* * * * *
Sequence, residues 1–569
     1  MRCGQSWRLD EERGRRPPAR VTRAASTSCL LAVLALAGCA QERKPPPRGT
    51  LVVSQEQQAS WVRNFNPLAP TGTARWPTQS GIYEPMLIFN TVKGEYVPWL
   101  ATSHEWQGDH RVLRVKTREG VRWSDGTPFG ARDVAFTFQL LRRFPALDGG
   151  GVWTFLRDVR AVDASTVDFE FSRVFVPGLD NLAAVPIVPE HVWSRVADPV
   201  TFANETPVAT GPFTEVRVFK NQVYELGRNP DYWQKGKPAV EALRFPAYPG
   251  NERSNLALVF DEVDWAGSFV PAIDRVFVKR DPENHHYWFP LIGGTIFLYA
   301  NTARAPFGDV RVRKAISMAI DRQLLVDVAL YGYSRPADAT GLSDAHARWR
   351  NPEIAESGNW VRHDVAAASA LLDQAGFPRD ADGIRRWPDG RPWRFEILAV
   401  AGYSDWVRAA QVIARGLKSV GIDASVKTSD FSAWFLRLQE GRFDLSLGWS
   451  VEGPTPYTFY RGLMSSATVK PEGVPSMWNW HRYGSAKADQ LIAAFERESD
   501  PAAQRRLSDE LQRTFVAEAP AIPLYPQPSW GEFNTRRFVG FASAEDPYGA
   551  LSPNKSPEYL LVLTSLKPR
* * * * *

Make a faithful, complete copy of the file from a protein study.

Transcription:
Sequence, residues 1–569
     1  MRCGQSWRLD EERGRRPPAR VTRAASTSCL LAVLALAGCA QERKPPPRGT
    51  LVVSQEQQAS WVRNFNPLAP TGTARWPTQS GIYEPMLIFN TVKGEYVPWL
   101  ATSHEWQGDH RVLRVKTREG VRWSDGTPFG ARDVAFTFQL LRRFPALDGG
   151  GVWTFLRDVR AVDASTVDFE FSRVFVPGLD NLAAVPIVPE HVWSRVADPV
   201  TFANETPVAT GPFTEVRVFK NQVYELGRNP DYWQKGKPAV EALRFPAYPG
   251  NERSNLALVF DEVDWAGSFV PAIDRVFVKR DPENHHYWFP LIGGTIFLYA
   301  NTARAPFGDV RVRKAISMAI DRQLLVDVAL YGYSRPADAT GLSDAHARWR
   351  NPEIAESGNW VRHDVAAASA LLDQAGFPRD ADGIRRWPDG RPWRFEILAV
   401  AGYSDWVRAA QVIARGLKSV GIDASVKTSD FSAWFLRLQE GRFDLSLGWS
   451  VEGPTPYTFY RGLMSSATVK PEGVPSMWNW HRYGSAKADQ LIAAFERESD
   501  PAAQRRLSDE LQRTFVAEAP AIPLYPQPSW GEFNTRRFVG FASAEDPYGA
   551  LSPNKSPEYL LVLTSLKPR